A few years later Captain James T Kirk said “Space: the final frontier. These are the voyages of the starship Enterprise. Its five-year mission: to explore strange new worlds. To seek out new life and new civilizations. To boldly go where no man has gone before!” at the start of every episode of Star Trek. It is thought that the modern drive for ‘mission statements’ was heavily influenced by this.

Since then, every successful organisation and project has had a mission or vision statement. Generally, the shorter the better.  You will often hear people talking about an elevator pitch. This is the same concept. A message or vision is so clear and concise that it can be communicated in the seconds it takes to travel between floors and so compelling that it will be retained by the recipient as they go about their day.

Most project management methodologies and frameworks recognise the need for this vision statement or mission statement. It will normally be written pre-project and incorporated into a project charter document. 

If your vision statement is clear and compelling enough to fire up the imagination and drive of investors, workers and other stakeholders the project will almost deliver itself. Words are incredibly powerful and can do the work of thousands of people.  Good businesspeople and project managers understand this and would rather delay the launch of a project than to try and get started with a underwhelming vision statement.  Invest the time, resources and energy in getting this right. 

Looking back pre-1900, inventors such as Isambard Kingdom Brunel had crystal clear vision statements. They also had architectural and engineering plans to show what was to be built. In a time before email and telephone work had to happen over large distances and by lots of people.   Once the vision had been communicated, specialists or trades could be brought in to do their piece of the build.

It is easier to share a vision with small teams and easier to carry out small projects. This observation has led to Agile Scrum teams which are usually about seven people and Programme Management, where a strategy is delivered through a set of small individual Projects and manageable, lower-risk projects which deliver value faster than one single massive multifaceted project.  Programme Management then seeks to manage a portfolio of projects to deliver the strategic objectives of the business.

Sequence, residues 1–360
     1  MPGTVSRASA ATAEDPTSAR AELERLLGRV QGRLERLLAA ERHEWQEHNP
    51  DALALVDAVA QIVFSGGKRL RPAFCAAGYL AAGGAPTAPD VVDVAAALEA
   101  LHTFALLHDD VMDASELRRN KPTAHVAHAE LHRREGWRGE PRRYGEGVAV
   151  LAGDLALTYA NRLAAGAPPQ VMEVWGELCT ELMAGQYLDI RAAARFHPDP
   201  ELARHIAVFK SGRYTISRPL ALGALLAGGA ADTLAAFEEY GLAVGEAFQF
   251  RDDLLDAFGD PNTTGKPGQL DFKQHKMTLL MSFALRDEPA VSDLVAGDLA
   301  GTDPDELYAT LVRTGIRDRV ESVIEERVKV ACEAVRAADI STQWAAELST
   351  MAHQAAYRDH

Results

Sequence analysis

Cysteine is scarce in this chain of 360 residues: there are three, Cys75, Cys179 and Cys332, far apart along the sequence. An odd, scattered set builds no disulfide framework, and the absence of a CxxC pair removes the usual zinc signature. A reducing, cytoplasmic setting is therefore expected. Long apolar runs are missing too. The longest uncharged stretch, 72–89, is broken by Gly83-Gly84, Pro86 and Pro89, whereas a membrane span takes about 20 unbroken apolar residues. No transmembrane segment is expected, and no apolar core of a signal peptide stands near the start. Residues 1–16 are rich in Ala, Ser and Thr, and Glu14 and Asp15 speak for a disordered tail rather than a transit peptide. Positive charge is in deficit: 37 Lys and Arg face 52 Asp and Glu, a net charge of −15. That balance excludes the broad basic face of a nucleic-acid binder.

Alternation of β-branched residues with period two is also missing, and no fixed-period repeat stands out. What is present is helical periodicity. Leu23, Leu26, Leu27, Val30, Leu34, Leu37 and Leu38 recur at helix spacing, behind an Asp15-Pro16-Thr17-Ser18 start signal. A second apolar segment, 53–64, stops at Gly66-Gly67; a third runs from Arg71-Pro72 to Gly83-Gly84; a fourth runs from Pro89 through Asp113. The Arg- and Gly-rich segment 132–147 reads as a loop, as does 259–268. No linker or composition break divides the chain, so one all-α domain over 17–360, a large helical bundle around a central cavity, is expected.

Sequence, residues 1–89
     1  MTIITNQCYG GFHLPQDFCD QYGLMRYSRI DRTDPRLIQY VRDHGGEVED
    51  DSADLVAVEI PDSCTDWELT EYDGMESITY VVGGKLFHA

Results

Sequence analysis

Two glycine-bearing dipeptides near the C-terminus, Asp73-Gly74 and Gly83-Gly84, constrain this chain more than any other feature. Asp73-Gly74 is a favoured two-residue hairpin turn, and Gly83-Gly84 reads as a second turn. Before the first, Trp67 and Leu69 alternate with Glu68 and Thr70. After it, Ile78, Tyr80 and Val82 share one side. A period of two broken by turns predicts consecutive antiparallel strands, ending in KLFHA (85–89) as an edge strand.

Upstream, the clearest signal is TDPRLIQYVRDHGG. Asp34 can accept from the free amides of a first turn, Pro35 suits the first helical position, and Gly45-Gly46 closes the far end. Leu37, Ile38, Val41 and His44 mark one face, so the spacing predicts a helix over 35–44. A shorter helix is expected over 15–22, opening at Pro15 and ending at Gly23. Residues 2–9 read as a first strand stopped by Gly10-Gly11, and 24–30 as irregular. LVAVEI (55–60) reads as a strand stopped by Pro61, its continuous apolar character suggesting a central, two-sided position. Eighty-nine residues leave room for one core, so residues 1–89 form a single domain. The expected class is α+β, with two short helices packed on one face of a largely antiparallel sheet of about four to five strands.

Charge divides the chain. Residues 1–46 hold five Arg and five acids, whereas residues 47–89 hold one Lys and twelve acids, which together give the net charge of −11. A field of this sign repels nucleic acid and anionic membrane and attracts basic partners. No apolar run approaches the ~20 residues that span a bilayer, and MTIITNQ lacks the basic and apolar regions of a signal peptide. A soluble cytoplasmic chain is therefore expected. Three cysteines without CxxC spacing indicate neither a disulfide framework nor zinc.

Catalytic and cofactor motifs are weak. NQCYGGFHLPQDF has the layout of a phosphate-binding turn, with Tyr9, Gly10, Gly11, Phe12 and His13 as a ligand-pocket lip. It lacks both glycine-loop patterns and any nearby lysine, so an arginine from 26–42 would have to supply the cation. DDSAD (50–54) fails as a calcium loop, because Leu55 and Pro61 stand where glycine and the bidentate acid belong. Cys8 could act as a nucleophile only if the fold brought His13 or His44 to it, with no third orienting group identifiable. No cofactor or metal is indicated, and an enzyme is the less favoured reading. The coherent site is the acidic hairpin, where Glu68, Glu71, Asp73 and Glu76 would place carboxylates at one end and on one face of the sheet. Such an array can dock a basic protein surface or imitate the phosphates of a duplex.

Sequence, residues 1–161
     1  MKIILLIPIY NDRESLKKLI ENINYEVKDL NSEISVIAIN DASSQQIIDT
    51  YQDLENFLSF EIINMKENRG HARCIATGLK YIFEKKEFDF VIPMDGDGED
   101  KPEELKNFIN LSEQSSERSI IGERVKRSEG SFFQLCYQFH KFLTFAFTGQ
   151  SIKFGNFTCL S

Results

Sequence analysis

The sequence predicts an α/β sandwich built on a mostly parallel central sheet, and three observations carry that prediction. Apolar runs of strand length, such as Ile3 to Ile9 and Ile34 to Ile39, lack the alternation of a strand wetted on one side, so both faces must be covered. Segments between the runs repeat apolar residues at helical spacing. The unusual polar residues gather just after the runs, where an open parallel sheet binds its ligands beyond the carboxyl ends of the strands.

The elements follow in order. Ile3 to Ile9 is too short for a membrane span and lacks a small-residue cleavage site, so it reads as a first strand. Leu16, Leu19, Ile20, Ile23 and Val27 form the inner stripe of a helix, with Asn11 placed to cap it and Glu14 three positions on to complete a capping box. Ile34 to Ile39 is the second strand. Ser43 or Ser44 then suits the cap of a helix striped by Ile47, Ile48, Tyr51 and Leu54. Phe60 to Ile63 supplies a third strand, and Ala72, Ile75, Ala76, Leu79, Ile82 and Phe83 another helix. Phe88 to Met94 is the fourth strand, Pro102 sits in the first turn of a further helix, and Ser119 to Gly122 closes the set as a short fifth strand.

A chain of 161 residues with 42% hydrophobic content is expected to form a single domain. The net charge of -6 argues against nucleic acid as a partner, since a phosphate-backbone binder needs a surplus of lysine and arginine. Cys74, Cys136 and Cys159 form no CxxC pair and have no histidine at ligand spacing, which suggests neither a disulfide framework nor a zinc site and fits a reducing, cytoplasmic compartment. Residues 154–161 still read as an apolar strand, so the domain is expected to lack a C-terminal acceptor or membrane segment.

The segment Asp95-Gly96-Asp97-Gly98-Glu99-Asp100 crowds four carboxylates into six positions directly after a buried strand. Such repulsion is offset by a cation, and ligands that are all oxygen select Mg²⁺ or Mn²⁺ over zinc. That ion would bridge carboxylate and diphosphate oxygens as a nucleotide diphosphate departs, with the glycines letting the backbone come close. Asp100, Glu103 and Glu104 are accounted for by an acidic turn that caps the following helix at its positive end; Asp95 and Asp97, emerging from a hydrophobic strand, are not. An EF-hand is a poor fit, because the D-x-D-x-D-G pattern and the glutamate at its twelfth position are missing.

I and many other Project Managers advise against having large teams.  Jeff Bezos the founder of Amazon famously said never have more people in a meeting than you can feed with two pizzas. For me, the maximum is 7 to 10 people. Teams with more than 10 people should be considered a red flag. If you look further at Amazon, what you find is not one single large business. 

The Amazon business has been carefully structured into vertical sectors and then further broken down by geographical region. Essentially decomposing the impossible task of managing such a big multinational company into small human scale, manageable tasks.  It’s also interesting to note that a by-product of this approach is the ability to benchmark teams doing the same or similar work. This allows Amazon to take a data-driven analytics approach to identify outliers both above and below the norm and to then learn from what is working in high performing teams and then scale this out as best practice globally. 

How project managers form and communicate the shared vision is subject to continuous improvement. 

Small projects are beautiful projects

As we have seen above large project teams are to be avoided if possible. Likewise, large projects should be avoided or rather engineered into a series of small projects. Small projects lasting a few weeks or months are more likely to be successful and return value to an organisation that a big project that takes a year or more to complete.  

Financially it is worth considering that a small project starts to payback as soon as it is done, so depending on phasing, can be more valuable than a large project which pays back big but late.  

Consider a project that when complete will generate an additional £10,000 of sales per month. It takes 2 months to complete and gets started in January.  This means that for the period March to December it will generate 10 * £10,000, so £100,000 of incremental sales.  Now think about a large project which is going to take a year to complete but which will then generate £100,000 of incremental sales per year. Which project would you rather back?

Even if both projects cost the same to execute, which they won’t, keep in mind small projects tend to be lower risk and more successful. The probability then is that the small project will deliver more value than the big project and sooner.

If a small project runs into difficulties and takes twice as long to complete as expected, you will still get a good return within the year. On the other hand, if a 12-month project starts to slip and takes twice as long to deliver it will be much longer before you see any benefit.

Knowing when to cancel a project

In my experience, from time-to-time projects do hit problems. When this happens the project manager along with a steering group and the project sponsor(s) have to decide if they want to extend the time and cost of the project and work through the problems or pull the plug on the project and terminate it early.